Anyway a little glimpse to my experiences in Canada.

    • Thanks Yosha for sharing your experiences, bbrrr, i don’t think i’d be able to survive in the Canadian winter!

      • Ooops didn’t mean to discourage. For a start, if you are west of the Rockies (i.e BC) you should be fine. My previous company in BC had a large number of British transplants (mostly from Cambridge). Most thoroughly enjoyed the mountains, water, trees. A few actually ended up applying for citizenship!

  4. Tried your dish and my kids loved it. As a thank you here is one in return

    Morning Glory Muffins

    1 1/2 cups all-purpose flour 1/2 cup whole wheat flour 1 1/4 cups white sugar 1 tablespoon ground cinnamon 2 teaspoons baking powder 1/2 teaspoon baking soda 1/2 teaspoon salt 2 cups grated carrots 1 apple – peeled, cored, and chopped 1 cup raisins 1 egg 2 egg whites 1/2 cup apple butter 1/4 cup vegetable oil 1 tablespoon vanilla extract 2 tablespoons chopped walnuts 2 tablespoons toasted wheat germ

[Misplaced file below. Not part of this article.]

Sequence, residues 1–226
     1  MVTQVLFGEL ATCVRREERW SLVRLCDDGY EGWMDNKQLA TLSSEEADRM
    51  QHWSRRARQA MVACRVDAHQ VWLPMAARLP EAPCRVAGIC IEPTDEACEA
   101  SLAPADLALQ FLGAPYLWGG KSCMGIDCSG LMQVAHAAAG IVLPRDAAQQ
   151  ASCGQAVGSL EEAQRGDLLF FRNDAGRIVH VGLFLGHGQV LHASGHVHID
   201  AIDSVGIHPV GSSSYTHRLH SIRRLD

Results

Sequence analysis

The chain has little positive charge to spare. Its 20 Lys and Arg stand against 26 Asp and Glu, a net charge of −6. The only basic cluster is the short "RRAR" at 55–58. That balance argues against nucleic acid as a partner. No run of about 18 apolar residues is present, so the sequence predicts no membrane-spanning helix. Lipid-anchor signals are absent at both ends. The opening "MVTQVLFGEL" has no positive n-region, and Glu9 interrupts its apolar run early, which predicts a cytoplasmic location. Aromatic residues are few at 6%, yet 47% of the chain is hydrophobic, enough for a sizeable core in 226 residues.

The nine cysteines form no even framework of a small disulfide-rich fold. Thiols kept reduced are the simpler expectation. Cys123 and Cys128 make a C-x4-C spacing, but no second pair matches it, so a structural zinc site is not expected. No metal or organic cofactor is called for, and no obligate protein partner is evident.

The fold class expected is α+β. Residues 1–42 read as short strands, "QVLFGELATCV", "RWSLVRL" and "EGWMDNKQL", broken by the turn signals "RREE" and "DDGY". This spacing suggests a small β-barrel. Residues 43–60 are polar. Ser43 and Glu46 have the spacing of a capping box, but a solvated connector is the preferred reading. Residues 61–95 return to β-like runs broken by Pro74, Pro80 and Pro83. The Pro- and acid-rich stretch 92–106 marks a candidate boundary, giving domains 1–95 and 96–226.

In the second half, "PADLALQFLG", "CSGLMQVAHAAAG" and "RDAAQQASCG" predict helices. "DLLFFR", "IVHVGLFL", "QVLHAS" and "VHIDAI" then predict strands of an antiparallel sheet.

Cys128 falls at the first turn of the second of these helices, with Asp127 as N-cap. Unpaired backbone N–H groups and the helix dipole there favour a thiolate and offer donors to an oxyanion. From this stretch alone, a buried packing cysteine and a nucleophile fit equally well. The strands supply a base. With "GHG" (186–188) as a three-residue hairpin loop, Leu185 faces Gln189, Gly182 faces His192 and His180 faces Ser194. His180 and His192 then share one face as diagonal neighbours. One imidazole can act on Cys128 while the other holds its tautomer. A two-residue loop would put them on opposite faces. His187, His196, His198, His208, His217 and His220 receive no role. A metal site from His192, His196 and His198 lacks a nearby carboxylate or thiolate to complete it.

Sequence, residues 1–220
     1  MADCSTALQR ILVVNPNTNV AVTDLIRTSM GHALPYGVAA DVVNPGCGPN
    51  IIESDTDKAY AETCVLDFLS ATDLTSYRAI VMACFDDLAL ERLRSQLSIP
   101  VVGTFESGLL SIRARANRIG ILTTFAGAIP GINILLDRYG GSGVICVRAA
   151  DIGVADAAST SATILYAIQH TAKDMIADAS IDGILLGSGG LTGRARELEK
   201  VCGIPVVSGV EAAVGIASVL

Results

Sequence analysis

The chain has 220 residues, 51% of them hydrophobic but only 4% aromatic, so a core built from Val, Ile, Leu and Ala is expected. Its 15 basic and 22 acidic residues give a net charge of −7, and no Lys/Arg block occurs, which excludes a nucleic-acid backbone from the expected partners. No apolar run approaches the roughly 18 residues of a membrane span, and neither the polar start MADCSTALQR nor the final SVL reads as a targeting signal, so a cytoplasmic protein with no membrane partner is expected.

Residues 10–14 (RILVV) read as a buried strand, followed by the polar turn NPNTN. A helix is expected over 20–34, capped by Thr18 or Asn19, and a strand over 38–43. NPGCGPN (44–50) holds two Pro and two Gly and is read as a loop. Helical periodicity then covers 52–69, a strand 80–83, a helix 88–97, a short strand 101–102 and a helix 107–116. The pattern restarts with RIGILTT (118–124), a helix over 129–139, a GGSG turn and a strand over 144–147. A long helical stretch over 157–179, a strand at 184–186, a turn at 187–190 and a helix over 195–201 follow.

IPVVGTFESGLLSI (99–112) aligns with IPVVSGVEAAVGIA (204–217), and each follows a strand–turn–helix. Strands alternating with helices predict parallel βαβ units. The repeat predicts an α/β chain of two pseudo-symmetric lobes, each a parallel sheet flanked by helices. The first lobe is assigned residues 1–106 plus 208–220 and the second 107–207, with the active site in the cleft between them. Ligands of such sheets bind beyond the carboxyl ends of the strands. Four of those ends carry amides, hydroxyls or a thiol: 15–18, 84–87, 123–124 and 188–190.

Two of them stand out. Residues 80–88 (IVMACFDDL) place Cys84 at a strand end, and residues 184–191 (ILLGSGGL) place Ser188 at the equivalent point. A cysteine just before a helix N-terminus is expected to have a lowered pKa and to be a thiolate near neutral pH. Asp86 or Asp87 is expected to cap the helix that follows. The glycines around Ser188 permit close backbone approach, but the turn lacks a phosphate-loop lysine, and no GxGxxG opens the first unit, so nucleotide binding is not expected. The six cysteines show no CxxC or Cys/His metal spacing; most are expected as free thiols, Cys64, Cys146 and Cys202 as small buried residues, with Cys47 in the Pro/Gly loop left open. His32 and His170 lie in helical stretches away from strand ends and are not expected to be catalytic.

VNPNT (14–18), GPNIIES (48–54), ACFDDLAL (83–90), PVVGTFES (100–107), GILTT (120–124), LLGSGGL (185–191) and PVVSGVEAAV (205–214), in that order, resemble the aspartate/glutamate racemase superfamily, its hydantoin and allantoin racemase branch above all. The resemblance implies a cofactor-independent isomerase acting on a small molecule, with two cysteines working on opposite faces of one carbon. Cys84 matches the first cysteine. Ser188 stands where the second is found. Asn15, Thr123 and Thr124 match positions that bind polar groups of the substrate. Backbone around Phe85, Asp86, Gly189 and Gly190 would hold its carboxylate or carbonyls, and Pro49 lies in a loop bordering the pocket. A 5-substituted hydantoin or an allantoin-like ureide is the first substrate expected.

Preheat oven to 375 degrees F (190 degrees C). Lightly oil 18 muffin cups, or coat with nonstick cooking spray.
    In a medium bowl, whisk together eggs, egg whites, apple butter, oil and vanilla.
    In a large bowl, stir together flours, sugar, cinnamon, baking powder, baking soda and salt. Stir in carrots, apples and raisins. Stir in apple butter mixture until just moistened. Spoon the batter into the prepared muffin cups, filling them about 3/4 full.
    In a small bowl, combine walnuts and wheat germ; sprinkle over the muffin tops.
    Bake at 375 degrees F (190 degrees C) for 15 to 20 minutes, or until the tops are golden and spring back when lightly pressed.